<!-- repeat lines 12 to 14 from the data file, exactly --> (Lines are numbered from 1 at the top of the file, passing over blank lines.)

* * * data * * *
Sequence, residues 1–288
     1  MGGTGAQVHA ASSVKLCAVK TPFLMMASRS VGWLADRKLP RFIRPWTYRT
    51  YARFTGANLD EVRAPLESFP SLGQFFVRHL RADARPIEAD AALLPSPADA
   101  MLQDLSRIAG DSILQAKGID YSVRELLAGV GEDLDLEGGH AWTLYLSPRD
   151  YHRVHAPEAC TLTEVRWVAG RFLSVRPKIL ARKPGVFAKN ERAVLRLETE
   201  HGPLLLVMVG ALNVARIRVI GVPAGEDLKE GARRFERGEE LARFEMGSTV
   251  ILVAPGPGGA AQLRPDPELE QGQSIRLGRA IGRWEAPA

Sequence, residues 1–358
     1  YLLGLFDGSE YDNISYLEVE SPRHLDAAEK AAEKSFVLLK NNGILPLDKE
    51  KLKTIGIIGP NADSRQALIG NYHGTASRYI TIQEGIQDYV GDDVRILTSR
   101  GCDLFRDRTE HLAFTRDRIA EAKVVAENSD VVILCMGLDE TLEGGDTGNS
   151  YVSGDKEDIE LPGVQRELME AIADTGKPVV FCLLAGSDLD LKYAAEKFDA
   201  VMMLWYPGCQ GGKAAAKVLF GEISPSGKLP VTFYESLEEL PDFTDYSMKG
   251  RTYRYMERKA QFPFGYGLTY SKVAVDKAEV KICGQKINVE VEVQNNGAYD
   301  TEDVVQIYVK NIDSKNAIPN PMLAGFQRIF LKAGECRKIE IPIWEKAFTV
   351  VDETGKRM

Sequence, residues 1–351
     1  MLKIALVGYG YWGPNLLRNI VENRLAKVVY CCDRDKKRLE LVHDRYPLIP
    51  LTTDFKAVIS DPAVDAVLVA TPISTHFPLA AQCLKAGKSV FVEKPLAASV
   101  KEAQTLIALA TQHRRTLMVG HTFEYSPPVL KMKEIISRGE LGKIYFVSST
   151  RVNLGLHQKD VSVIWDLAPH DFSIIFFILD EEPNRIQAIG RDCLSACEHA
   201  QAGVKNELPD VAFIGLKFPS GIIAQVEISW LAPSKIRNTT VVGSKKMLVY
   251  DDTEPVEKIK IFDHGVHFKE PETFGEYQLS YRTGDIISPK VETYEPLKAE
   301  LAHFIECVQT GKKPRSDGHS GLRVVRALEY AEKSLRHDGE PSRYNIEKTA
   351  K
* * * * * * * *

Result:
   151  YVSGDKEDIE LPGVQRELME AIADTGKPVV FCLLAGSDLD LKYAAEKFDA
   201  VMMLWYPGCQ GGKAAAKVLF GEISPSGKLP VTFYESLEEL PDFTDYSMKG
   251  RTYRYMERKA QFPFGYGLTY SKVAVDKAEV KICGQKINVE VEVQNNGAYD